Here, i want to tell you The Story of Four Friends, three of whom are on a committee delegated with the task of deciding who is/was going to present papers on various issues of literary importance for one of the two conferences. The Three members of the committee met, and decided to send three papers to the conference from BC, and then proceeded to elect themselves as the three presenters.

The story does not finish here even when it is a powerful end.

The Fourth friend objected to it, and in return, was awarded with a fourth paper and another space for presentation at the conference.

I have objections to the process where presenters were ‘agreed upon’ and papers were ‘allocated’ by a three-member committee to its own three members. In other words, the three decision makers who were to send three representatives of BC Punjabi literary communities to a conference in Eastern Canada, ended up electing each other for representation by awarding the three papers to themselves. On top of that, the objections raised by the Fourth friend were not based on the critique of the process but spoke to the exclusion of an individual and another denominator; and so, was readily satisfied and silenced upon receiving the hand out.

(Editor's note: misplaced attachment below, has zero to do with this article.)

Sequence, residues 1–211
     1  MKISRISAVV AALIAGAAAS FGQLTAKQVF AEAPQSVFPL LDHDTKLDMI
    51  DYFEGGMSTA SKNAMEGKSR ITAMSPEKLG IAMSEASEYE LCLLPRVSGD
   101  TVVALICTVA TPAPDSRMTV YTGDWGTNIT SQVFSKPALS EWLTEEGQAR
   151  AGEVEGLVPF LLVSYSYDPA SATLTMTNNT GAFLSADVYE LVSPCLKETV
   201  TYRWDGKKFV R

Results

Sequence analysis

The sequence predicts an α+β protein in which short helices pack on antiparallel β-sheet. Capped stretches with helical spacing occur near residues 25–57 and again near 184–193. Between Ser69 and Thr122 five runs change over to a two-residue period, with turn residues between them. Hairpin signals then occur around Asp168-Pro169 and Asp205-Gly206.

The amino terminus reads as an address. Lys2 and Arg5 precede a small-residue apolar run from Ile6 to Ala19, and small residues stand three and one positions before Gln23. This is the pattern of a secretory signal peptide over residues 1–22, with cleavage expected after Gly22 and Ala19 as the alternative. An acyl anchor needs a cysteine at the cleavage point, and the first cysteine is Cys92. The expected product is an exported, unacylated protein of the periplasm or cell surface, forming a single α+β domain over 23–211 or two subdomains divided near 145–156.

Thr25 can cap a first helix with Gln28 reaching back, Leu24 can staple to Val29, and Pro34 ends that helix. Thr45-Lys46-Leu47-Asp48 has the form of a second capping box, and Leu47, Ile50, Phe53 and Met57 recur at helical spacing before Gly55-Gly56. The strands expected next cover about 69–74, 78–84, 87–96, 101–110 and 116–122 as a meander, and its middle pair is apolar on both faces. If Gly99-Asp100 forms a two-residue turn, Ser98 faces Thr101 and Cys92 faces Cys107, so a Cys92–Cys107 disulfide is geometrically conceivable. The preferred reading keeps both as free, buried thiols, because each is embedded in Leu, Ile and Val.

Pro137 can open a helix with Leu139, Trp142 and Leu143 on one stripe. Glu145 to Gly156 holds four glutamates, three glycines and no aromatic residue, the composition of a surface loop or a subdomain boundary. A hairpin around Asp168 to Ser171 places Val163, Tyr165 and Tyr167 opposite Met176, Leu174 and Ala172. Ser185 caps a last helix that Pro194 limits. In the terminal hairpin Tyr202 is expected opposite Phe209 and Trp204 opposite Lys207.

My problems are with the process and not the people. In my view, all the four people well deserve to be at the conference to present their work and views but not in this way. Next time, please get others to nominate you or at least resist being the sole membership of a self-nominating decision-making committee.

As well, the first three and the fourth presenter all write in Gurumukhi, and all hail from Punjabi Sikh community. This in itself would be misleading for the participants of the conference in the East as it gives the impression that there are no Shahmukhi or Devnagri Punjabi writers in BC or that there are no Muslim, Hindu or Christian Punjabi writers in BC. My four friends are well aware that that is not the case.

If the purpose of the two conferences is to develop Punjabi language and literature than the conferences must be way more inclusive in representation than they are now or have been in the past.

In this, there are reasons other than the development of Punjabi language and literature that may help us to become inclusive. It is inevitable that public funds are accessed to organize national and international literary and cultural events, and because of it, the organizers and decision makers of such events must take responsibility to represent in diversity the communities they undertake to represent; and, to not view and define Punjabi communities in Canada from the standpoint of personal or single-group interests.

There is hope that the Punjabi Literature Conference in Ottawa tomorrow will address these issues of diversity in Punjabi language and literature; and, will decide upon a policy of outreach to and inclusion of Punjabi writers of all scripts, gender, abilities; and, of diverse religious, social and economic backgrounds.